Americans warmed to any European visitor who flattered them, as Tocqueville did, at least in the first part of his Democracy in America, and tried to overlook the occasional tourist like Dickens who was somewhat less impressed. As H.L. Mencken has recorded in his American Language, the 19th century was an age of unrivaled profusion of homely but telling maxims and other colloquialisms bespeaking an America already astride the world. The philosopher-historian John W. Draper filled Cooper Union night after night with his solemn and lengthy disquisitions on the foundations of American progress in natural law, a progress that was "as completely under the control of natural law as is the bodily growth of an individual." The American utopia was, in sum, a part of the natural provisions of cosmic physics.
Ralph Waldo Emerson, so often doubtful about this or that element of Americana, was as confident as any other prophet of the essential correctness of the American course of history. "Who does not prefer the age of steel, of gold, of coal, petroleum, cotton, steam" to the falsely lauded ages of stone, bronze, and iron in the past? In 1893 Chicago's great Columbian Exhibition brought 27 million visitors to its 600 acres of technological marvels. If the first theme was world progress, a second theme of American progress and leadership in the world was easy to identify.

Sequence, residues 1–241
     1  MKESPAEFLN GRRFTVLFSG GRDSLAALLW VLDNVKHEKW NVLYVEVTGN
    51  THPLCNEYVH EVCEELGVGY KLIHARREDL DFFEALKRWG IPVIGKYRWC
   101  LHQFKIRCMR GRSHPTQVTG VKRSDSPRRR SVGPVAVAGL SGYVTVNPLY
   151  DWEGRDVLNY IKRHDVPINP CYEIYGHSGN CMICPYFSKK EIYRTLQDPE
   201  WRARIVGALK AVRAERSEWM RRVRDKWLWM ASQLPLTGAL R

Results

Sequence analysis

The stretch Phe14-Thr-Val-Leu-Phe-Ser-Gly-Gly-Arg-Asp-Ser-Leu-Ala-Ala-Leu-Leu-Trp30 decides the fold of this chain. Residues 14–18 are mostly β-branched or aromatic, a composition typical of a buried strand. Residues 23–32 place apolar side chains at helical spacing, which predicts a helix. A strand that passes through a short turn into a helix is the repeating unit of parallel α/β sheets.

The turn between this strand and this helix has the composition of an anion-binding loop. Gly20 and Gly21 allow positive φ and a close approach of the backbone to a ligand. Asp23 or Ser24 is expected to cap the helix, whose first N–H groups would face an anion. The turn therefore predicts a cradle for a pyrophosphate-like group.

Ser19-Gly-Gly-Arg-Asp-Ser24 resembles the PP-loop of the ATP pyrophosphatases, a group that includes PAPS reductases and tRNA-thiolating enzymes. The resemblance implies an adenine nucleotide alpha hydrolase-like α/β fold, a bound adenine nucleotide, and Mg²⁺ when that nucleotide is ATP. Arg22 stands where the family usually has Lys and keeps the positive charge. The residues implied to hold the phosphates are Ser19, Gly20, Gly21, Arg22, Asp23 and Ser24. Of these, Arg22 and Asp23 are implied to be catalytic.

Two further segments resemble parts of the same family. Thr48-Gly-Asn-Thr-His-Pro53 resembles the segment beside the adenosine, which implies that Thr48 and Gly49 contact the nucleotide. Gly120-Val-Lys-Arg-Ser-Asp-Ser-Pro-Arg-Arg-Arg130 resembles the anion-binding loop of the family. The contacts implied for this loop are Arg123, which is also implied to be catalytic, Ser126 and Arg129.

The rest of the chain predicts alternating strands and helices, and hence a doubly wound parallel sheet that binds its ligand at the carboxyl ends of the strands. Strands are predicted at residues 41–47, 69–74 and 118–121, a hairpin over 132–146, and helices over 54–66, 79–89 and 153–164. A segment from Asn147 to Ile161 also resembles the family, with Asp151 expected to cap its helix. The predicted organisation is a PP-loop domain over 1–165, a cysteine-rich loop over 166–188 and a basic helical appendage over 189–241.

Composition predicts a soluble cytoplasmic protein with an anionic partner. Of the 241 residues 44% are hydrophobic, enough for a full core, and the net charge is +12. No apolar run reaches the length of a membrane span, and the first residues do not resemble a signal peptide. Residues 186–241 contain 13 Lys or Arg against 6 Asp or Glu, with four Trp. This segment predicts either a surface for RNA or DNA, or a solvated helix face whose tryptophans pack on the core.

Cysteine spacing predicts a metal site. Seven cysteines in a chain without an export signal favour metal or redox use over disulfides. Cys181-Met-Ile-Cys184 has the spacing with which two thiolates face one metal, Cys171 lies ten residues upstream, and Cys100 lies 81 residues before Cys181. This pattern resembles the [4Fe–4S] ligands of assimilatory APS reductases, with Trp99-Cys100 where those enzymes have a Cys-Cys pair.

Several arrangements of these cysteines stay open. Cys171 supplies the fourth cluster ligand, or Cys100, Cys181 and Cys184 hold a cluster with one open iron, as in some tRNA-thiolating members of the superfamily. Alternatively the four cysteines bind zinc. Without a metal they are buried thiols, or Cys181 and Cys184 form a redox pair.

It is sometimes forgotten that Henry George's classic Progress and Poverty, justly famous for its brilliantly conceived single tax, on land, had its origins, by the author's own acknowledgement, not in musings upon poverty but upon progress. Everything, with but one exception, he believed, bespoke the fulfilled progress of mankind in his day. This one exception was the persistence of poverty. To repair poverty—and the single tax would effect this—was to add the final step to a then-complete stairway to perfection, to utopia. "Words fail the thought: It is the Golden Age of which poets have sung and the high-raised seers have told in metaphor.…It is the culmination of Christianity—the City of God on earth.…It is the reign of the Prince of Peace."